Aspects I liked about the visualization are, the way its represented, where the numbers of the timeline are in top, and the beginning starts from the top, its different and beautiful that it doesn't follow what we are used to! If its me I would probably make it as usual and make the line starts from the bottom to the top, and same for the numbers to be represented just like how we do in simple graphs. The gray line connecting the scenes is really helpful to follow the scenes where its tiny and the color for the line is good where your eye will follow it but not really get into the details or how it was done it simply does the job as mtbkapp mentioned, imagine the line isn't there? Not connecting in film scenes also helped make the visualization organized. Finally, the seconds shown in the time line that appears when your mouse go over a scene and the highlight thats provided is pretty great and it shows how clear this visualization is toward time.

Some of the things that bugged me were, the font is pretty tiny, and I had to get closer to the screen to see the words, and the gray with a white background made it even harder to read. Also, the sentences under Not in film, they were long, tiny, and not really important as they seem like to be. The sentences got my attention, and when I read them, they weren't anything special.
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09-06-2014, 02:04 PM
Post: #4
RE: Week 2: Dissecting a Trailer: The Parts of the Film That Make the Cut
The visualization serves its purpose. The gray line used to connect is not irritating and guides the eye properly in connecting the points.(If it wasn't there, I think I wouldn't have noticed the beginning of the trailer "1st purple point"). The trailer seems mostly continuous following the flow of the movie. The choice of colors is good relative to the background. The graph shows the points in variable sizes representing the continuity/ discontinuity of scenes in the trailer. The very small sizes make it difficult to to distinguish among the colors but the y-axis comes to the rescue since the representation is done top-down with proper partitioning and coloring. The description in gray appears separately (visually).
The gray color I felt, was initialized for "not in the film" but it is also used to explain some scenes in the film & trailer. I think they should have maintained the color representation (using matching font color).
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09-07-2014, 10:27 AM
Post: #5
Video RE: Week 2: Dissecting a Trailer: The Parts of the Film That Make the Cut
I would say this is a very good visualization image, simple and well-understandable. I agree with Nitin that the background color for "Beginning of film" and "Middle" should be changed slightly to show a clearer difference between them, and this way the dashed grey lines between every two sections could be eliminated. And, if possible, showing time points at the y axis is also helpful. I don't know how long this movie is, and is the author strictly dividing the movie into three parts using time? Showing time points at the y axis would be very helpful. Another thing about this chart is, there are some explanations at the bottom showing why those particular shots are out of order or not in the movie, but what happened to other similar shots that are not explained? Maybe those information are not important, but still this difference makes me feel a little uncomfortable.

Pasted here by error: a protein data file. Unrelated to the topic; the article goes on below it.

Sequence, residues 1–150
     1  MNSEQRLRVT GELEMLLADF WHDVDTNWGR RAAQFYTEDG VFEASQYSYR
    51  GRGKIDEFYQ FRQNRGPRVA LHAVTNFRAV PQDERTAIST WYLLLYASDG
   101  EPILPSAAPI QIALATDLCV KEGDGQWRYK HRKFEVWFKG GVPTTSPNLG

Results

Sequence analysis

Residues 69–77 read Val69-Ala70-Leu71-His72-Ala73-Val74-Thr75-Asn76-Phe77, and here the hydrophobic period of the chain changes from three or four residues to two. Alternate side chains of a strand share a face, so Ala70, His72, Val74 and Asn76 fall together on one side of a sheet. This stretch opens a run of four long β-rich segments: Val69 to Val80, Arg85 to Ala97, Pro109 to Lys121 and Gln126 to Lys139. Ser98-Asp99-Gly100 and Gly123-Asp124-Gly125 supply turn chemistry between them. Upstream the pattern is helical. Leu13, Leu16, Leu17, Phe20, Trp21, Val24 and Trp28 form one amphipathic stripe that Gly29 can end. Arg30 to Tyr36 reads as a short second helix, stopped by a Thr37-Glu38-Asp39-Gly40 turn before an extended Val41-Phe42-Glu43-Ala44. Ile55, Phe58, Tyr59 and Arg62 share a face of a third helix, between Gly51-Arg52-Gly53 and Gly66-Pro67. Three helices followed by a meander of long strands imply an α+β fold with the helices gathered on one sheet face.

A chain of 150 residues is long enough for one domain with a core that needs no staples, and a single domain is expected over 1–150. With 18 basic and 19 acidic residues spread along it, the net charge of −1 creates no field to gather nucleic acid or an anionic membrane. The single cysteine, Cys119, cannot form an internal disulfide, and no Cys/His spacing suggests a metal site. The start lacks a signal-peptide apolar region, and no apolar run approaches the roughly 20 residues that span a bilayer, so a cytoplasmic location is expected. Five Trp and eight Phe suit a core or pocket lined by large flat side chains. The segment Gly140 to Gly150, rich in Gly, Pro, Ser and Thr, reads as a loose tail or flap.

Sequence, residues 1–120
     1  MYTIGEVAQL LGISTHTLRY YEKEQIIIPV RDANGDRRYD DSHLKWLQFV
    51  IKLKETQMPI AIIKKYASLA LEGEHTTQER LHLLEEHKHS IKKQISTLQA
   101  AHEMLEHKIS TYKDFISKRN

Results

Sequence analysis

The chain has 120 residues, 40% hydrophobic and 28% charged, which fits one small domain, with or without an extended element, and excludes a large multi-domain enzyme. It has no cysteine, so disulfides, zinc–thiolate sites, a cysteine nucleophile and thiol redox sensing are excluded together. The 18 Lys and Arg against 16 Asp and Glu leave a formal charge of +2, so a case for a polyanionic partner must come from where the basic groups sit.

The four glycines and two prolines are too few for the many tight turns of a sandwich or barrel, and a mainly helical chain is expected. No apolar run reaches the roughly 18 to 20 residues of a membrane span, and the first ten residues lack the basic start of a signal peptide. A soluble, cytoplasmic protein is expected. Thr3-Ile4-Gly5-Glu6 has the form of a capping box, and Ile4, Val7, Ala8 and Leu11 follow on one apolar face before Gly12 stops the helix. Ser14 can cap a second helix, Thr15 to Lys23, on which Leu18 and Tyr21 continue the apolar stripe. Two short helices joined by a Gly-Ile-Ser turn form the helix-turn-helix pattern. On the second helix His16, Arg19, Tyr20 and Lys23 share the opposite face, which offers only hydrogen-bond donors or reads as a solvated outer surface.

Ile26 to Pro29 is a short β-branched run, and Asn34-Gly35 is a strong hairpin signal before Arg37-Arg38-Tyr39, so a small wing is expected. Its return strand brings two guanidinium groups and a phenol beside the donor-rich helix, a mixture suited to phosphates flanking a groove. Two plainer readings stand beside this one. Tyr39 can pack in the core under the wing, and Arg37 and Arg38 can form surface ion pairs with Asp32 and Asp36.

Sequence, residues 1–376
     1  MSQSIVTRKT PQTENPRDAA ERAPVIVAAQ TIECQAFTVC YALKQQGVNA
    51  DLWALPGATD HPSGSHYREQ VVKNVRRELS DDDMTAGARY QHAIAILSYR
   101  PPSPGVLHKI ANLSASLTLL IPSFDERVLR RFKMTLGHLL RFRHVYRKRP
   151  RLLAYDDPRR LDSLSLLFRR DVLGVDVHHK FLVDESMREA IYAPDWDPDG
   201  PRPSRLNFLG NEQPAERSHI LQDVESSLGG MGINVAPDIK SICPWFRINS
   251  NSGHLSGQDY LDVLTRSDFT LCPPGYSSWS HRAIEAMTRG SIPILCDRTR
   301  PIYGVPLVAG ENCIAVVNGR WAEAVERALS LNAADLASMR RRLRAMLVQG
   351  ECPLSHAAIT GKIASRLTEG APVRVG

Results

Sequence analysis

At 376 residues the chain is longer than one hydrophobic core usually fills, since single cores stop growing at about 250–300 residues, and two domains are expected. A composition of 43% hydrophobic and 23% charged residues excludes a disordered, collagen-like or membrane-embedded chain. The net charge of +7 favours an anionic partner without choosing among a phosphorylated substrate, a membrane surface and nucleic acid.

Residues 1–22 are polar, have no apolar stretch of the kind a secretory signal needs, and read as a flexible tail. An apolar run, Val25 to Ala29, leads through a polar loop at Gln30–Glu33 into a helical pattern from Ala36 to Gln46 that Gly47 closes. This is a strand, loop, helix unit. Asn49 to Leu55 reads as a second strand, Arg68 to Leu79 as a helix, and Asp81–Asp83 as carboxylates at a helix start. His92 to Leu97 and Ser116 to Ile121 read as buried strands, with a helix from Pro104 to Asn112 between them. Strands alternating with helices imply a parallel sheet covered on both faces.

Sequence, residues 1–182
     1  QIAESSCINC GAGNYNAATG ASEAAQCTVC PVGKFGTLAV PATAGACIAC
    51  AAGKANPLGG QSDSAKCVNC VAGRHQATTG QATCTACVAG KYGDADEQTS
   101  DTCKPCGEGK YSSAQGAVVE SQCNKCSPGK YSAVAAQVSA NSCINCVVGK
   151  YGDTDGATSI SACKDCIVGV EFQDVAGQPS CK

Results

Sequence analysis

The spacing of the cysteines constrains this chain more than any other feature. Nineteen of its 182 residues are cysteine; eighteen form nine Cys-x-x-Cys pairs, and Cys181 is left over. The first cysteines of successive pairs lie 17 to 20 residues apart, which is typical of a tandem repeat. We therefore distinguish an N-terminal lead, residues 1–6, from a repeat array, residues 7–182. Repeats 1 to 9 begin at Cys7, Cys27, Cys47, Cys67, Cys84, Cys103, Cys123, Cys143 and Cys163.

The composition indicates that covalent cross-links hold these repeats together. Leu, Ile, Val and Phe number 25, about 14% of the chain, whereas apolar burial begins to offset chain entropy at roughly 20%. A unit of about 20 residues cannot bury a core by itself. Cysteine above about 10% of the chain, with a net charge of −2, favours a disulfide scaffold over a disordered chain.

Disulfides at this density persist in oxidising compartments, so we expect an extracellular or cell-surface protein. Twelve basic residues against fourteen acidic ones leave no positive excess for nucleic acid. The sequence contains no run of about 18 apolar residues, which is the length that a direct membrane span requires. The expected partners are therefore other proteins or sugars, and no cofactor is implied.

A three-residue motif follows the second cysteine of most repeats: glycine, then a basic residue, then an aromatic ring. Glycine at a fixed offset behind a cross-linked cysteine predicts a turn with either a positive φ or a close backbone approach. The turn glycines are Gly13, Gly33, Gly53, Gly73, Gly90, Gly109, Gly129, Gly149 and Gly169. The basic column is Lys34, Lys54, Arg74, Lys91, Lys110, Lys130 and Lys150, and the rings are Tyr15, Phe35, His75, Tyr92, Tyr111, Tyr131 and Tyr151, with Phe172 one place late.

Enough with the critique. Overall this is a good chart that roughly shows us how the trailer is grouped together from the movie. I like it, especially that in the original chart from the link Nitin shows us, when moving mouse through the dots on the chart, there will be information about how long this shot is and the image in the trailer also changed correspondingly. Now I want to watch this movie!
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09-07-2014, 12:11 PM (This post was last modified: 09-07-2014 12:13 PM by zhiminl.)
Post: #6
RE: Week 2: Dissecting a Trailer: The Parts of the Film That Make the Cut
There is not doubt that this visualization is an awesome tool show the pattern that the trailer. In the original webpage, the author post 5 samples and each of them gives us a pretty clear picture of how the trailers are reassembled. I agree with Nitin’s opinion that use a line-graph instead of a scatter plot help user a lot. If there are anything that I would do to improve this visualization, I will add light-color arrow in horizontal axis with the specific time in this movie or may be pull down the each section(begin, middle, end) and give more detail information about the timeline of movie. I think this will give a more accurate information about where each scenes in this movie. The reason is because when I try to describe one patter of trailer, I realize that most of the word I use is middle of the movie or in the 2/3 in the middle section. However, for each movie MIDDLE have different meaning. if a movie is 3 hours then the middle section is about one hour, but if a movie is 2 hours then the middle is 40 minutes. I think this will make people confuse.